OPINION FILED JANUARY 29, 1969.
THE PEOPLE OF THE STATE OF ILLINOIS, DEFENDANT IN ERROR,
WILLIAM OWENS, PLAINTIFF IN ERROR.
WRIT OF ERROR to the Circuit Court of Cook County; the Hon.
WALTER R. DAHL, Judge, presiding.
MR. JUSTICE KLUCZYNSKI DELIVERED THE OPINION OF THE COURT:
Defendant, William Owens, seeks review of his conviction in the circuit court of Cook County of unlawful possession of narcotics for which he received a sentence of from 5 to 10 years. Jurisdiction in this court is grounded on his contention that certain evidence introduced at trial was procured through constitutionally impermissible means.
The sole testimony elicited at the hearing on defendant's motion to suppress this evidence was that of a Chicago police officer, Andrew Craig, called by defendant as his witness. Craig stated that at about midnight on January 24, 1963, he and his partner, Officer Thomas Simpson, went to the Sacramento Hotel in Chicago to investigate a complaint that a prostitute was operating out of Room 320. A check of the hotel registry disclosed that this room was registered to a Mr. and Mrs. Bruce Urban, the latter of whom Craig knew to be Katherine Fisher, a prostitute and narcotics addict. The officers ascended to Room 320, knocked on the door and heard a woman's voice ask who was there. Craig recognized the voice as that of Katherine Fisher and replied "It's Craig" to which she answered, "There's nothing happening here, come on in." The door opened and the officers walked in and observed Katherine Fisher standing, Bruce Urban sitting on the bed and defendant sitting in an arm chair. Defendant then asked "Who is this", to which Katherine Fisher replied, "This is the police." Thereupon defendant sprang from the chair, took a tinfoil package from his shirt pocket, ran into the bathroom and attempted to flush the package down the toilet. Craig, however, followed him into the bathroom and retrieved the package from the commode. Upon opening the package, he found 23 smaller tinfoil packets inside and asked defendant "What about this?" Defendant replied, "You got me." Craig quickly field-tested the contents of the packets, determining them to be heroin, and placed defendant under arrest for unlawful possession of narcotics.
On appeal defendant argues that the heroin should have been suppressed since it was obtained by an illegal search and seizure in violation of his rights under the fourth amendment. It is urged that the "search" (his characterization of the confiscation of the heroin) cannot be justified as incidental to a lawful arrest since it preceded his arrest.
In light of facts as established by the record, this argument cannot be sustained. The police officers were properly in the room, having been admitted at the invitation of the occupant. (People v. Perroni, 14 Ill.2d 581; People v. Harris, 34 Ill.2d 282.) Upon learning their identity, the defendant, in plain view of them, took a tinfoil packet, which officer Craig testified he recognized, from his 6 1/2 years experience on the force, as a commonly used container for narcotics, and attempted to flush it down the toilet. We think these circumstances would warrant a reasonable and prudent man in believing that a crime was being committed (People v. Jones, 31 Ill.2d 240, 244), thereby justifying the officer's seizure of the tinfoil packet. (People v. Heidman, 11 Ill.2d 501, 509; People v. Davis, 33 Ill.2d 134, 138.) We hold the motion to suppress was properly denied.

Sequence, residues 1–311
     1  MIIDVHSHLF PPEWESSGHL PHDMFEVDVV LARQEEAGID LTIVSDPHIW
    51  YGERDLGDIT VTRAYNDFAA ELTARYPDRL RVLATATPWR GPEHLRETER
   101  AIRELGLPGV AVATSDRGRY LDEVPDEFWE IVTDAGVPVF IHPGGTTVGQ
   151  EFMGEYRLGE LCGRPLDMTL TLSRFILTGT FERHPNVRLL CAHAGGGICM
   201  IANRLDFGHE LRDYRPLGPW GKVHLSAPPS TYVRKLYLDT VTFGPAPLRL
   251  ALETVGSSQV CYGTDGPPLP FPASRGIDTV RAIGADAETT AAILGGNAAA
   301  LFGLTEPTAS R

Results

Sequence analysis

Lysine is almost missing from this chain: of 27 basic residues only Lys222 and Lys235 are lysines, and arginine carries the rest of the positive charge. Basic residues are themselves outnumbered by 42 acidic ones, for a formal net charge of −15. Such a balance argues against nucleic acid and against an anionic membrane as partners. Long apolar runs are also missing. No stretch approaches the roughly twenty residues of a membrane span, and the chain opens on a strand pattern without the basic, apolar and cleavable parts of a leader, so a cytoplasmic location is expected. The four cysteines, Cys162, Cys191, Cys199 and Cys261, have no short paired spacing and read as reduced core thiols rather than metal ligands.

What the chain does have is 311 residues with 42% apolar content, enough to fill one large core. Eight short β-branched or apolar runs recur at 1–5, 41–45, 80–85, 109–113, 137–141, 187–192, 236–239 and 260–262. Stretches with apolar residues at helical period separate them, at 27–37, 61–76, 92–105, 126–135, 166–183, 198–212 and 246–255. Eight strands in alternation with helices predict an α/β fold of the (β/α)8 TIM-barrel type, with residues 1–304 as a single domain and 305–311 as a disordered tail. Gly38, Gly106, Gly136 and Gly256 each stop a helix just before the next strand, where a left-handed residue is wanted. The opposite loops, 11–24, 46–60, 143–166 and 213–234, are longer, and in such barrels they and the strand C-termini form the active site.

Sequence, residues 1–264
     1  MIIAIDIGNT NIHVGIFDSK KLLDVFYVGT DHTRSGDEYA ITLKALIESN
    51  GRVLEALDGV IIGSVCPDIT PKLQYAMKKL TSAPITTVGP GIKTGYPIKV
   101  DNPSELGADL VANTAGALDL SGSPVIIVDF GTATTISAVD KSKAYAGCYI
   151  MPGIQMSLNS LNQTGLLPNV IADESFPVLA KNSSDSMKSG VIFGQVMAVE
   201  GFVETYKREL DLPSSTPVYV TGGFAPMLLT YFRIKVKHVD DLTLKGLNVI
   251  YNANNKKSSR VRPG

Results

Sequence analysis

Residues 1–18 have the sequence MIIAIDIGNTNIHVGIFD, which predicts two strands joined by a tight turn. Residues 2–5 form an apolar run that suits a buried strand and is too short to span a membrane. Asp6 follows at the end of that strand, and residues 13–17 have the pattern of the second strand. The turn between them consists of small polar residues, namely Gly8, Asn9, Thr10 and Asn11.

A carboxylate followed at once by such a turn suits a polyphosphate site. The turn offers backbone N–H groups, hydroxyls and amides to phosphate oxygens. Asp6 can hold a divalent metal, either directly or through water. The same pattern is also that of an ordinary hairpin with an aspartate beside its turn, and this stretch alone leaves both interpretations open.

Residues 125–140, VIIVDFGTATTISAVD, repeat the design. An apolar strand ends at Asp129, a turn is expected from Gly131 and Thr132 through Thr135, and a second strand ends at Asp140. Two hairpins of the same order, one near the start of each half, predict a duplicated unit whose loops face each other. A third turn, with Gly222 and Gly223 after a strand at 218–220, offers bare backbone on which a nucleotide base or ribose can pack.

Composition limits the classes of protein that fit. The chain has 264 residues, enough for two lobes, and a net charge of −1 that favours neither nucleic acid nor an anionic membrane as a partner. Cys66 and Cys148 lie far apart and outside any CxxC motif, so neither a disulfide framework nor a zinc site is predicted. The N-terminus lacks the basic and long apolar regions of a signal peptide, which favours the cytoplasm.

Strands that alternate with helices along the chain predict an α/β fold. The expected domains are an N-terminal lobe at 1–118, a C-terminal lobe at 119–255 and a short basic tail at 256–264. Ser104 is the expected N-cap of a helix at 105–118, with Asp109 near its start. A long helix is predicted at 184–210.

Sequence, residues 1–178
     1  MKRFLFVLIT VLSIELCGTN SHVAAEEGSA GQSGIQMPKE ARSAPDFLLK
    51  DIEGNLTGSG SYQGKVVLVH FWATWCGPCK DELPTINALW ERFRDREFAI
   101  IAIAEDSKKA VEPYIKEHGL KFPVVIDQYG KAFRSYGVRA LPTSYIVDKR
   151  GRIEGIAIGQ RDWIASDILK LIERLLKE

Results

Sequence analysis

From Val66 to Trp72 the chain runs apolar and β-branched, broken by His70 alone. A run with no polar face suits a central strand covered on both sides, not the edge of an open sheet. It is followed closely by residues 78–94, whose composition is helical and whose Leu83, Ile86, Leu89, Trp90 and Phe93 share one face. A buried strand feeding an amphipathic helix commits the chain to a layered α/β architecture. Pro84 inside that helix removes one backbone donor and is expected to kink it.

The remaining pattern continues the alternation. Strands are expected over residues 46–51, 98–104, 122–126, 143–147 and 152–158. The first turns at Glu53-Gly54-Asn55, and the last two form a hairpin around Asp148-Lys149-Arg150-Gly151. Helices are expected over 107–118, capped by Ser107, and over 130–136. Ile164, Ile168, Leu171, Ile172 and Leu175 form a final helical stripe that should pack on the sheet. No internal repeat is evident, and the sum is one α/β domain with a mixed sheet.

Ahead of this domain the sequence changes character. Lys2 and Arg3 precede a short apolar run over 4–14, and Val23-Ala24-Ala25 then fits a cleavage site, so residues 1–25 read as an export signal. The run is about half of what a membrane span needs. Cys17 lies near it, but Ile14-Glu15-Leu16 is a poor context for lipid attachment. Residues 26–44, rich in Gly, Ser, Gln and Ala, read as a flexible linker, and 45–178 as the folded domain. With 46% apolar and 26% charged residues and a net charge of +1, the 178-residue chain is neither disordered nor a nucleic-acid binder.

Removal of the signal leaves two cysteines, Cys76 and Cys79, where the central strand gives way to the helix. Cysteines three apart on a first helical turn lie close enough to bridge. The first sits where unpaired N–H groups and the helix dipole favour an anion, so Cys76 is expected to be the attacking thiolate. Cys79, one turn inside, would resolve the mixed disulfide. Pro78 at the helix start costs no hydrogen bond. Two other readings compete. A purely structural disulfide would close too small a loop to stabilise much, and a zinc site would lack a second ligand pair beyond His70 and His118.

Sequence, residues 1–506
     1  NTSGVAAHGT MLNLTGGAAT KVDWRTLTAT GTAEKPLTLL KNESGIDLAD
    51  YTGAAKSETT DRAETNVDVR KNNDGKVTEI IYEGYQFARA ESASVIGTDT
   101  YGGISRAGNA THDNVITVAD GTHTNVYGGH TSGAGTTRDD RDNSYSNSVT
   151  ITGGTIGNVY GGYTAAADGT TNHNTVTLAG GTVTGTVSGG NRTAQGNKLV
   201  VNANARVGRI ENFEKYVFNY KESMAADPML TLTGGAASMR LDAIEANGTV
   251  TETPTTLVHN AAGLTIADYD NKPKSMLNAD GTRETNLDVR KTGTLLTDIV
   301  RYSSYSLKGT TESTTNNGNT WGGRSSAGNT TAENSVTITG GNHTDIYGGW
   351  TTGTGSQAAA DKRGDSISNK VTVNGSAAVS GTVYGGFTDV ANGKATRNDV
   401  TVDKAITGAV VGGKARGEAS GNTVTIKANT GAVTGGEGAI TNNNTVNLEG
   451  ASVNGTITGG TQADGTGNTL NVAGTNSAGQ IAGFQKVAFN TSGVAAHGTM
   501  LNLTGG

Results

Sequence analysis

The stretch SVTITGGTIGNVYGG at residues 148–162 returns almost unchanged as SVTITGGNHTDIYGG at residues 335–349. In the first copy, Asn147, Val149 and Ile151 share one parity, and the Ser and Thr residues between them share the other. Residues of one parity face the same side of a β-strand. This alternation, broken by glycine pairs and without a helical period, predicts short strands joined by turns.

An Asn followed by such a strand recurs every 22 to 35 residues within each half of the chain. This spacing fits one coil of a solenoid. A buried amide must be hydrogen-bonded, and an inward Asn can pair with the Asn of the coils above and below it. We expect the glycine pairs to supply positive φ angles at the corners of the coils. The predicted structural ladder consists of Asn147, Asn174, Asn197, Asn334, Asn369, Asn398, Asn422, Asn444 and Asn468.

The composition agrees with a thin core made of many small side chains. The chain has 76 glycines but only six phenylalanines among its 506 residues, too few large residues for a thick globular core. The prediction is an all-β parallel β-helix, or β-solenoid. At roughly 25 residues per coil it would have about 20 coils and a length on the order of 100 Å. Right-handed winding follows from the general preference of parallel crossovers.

At trial the court overruled certain defense objections while sustaining certain objections by the State. Defendant charges that the "total effect of these decisions was to give the jury a biased view of the defendant's case." While this charge is quite nebulous, whatever efficacy it might possess must necessarily depend upon the propriety of the rulings, since only an erroneous ruling could possibly prejudice the defendant's cause.
In his brief, defendant sets forth examples of the court's rulings on objections. He notes that Officer Simpson was allowed "to testify as to the results of the field test", that an expert witness was permitted "to explain in layman's language what a field test is" and that the court permitted defendant upon cross-examination to answer questions relating to whether he had ever used narcotics or had ever seen the Urbans use narcotics, and to what a narcotics "outfit" consisted of. Although it is not alleged, nor are any authorities cited to show, that these ruling are erroneous, from the context of defendant's argument it must be inferred that he regards them as such. We, however, cannot share this estimation of the court's action. The testimony of Officer Simpson and the expert witness was patently proper and the questions asked of defendant by the prosecution were all related to matters opened up on direct examination.
Our study of the record satisfies us that defendant received a fair trial and that his conviction is based upon evidence establishing his guilt beyond a reasonable doubt. Therefore, the judgment of the circuit court of Cook County is affirmed.
Mr. JUSTICE WARD took no part in the consideration or decision of this case.
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